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Doug Mataconis
About Doug Mataconis
Doug Mataconis held a B.A. in Political Science from Rutgers University and J.D. from George Mason University School of Law. He joined the staff of OTB in May 2010 and contributed a staggering 16,483 posts before his retirement in January 2020. He passed far too young in July 2021.


  1. Ron Beasley says:

    Maliki was more conciliatory this morning suddenly realizing the Iranians wont support him and the military won’t support him. After the new government is formed I image the Iranians will just take him to Terran.

  2. Mu says:

    Malaki simply has no place to run to, there’s no Shia arab government other than Syria, and the ba’ath party there surely won’t protect him. He could try Iran, but that doesn’t seem like a safe place long term, and in any western country he’ll be subject to inquiries in his human rights and corruption record.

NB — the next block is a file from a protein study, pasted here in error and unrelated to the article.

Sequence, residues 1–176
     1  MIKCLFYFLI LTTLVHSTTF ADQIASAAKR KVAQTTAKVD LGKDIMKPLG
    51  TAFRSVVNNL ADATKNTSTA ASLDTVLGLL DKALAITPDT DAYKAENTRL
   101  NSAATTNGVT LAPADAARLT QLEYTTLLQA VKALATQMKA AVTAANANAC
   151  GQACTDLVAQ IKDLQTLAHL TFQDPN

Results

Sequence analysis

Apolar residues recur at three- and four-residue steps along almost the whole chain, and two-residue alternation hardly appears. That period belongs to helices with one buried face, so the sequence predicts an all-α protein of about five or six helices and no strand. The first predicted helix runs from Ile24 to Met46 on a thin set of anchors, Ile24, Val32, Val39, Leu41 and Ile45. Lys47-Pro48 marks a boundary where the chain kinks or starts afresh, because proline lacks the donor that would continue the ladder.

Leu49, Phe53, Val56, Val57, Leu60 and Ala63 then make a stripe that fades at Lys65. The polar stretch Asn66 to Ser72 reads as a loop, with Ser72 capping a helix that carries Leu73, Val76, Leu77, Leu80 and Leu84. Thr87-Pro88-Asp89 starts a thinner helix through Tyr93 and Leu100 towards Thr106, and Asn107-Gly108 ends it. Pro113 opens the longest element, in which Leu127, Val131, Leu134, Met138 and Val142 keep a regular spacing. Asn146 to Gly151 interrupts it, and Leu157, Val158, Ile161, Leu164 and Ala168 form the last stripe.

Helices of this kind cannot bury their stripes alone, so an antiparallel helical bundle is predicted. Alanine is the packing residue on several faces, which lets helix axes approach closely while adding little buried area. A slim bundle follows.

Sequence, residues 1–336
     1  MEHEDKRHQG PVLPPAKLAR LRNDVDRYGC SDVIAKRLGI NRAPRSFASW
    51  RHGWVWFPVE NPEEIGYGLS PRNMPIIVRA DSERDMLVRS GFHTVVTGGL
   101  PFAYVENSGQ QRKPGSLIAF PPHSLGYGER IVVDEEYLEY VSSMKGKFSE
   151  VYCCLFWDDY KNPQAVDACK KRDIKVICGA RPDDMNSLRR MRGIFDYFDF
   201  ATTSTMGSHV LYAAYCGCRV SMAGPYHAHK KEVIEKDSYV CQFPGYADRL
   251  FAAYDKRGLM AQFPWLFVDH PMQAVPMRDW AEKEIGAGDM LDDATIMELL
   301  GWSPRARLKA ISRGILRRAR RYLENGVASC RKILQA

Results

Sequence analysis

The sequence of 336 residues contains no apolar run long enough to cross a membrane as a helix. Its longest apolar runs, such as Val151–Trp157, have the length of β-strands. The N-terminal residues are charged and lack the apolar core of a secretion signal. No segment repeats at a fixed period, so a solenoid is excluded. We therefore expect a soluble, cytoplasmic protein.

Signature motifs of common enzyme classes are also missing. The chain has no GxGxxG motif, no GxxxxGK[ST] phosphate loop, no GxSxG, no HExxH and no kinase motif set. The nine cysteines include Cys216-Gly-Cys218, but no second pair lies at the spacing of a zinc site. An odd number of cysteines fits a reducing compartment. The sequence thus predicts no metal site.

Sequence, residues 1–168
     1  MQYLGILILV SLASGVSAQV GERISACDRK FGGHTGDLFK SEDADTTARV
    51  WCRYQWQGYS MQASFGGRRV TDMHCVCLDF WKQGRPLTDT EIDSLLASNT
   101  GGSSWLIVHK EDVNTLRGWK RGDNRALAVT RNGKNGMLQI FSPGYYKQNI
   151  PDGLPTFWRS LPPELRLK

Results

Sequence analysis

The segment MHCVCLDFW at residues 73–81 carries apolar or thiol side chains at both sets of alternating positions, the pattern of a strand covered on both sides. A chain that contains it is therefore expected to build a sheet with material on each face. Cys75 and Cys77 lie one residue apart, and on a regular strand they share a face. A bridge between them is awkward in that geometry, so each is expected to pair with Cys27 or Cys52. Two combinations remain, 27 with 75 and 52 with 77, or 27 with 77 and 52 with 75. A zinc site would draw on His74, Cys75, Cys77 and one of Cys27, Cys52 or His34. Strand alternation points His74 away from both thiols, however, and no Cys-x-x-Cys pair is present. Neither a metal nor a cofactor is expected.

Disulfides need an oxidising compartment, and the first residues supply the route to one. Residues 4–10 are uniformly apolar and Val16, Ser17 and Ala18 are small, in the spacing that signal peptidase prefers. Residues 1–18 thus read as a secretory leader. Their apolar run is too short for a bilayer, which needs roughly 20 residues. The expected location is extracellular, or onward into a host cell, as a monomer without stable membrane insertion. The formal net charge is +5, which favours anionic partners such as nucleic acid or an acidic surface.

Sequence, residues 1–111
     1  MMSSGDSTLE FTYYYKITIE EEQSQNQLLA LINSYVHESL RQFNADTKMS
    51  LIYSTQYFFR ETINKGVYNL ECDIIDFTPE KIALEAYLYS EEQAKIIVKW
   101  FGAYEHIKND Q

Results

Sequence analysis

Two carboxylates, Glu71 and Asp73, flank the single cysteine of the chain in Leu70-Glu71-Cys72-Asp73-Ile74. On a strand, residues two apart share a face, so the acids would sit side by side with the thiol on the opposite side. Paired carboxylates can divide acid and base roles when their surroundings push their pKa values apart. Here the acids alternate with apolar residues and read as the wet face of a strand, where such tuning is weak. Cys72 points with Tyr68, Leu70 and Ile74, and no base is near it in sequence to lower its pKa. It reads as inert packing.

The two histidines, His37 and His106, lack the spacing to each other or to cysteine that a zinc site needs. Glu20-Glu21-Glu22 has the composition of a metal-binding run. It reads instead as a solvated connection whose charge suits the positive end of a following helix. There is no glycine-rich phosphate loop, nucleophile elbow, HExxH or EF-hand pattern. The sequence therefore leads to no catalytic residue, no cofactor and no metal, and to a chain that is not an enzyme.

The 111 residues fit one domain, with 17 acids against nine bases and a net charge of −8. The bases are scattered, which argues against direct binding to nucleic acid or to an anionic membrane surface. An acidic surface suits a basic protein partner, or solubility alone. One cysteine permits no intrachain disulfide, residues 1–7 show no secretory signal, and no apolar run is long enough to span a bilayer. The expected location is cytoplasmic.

So he’ll stay and try to fight.

  3. JohnMcC says:

    The NYTimes story (from earlier in the day than the WaPo item above) indicated that the apparently coup-like troop movements in Baghdad had been generally abandoned and that the military had assured Pres Massoum that they would (as we say in the West) ‘stay in their barracks’.

    With only political/lawyerly defenses of his tenure, I think he’s on his way out.

  4. Ron Beasley says:

    @Mu: He lived in Iran for years before Saddam was overthrown so he should feel comfortable there.

  5. Neil Hudelson says: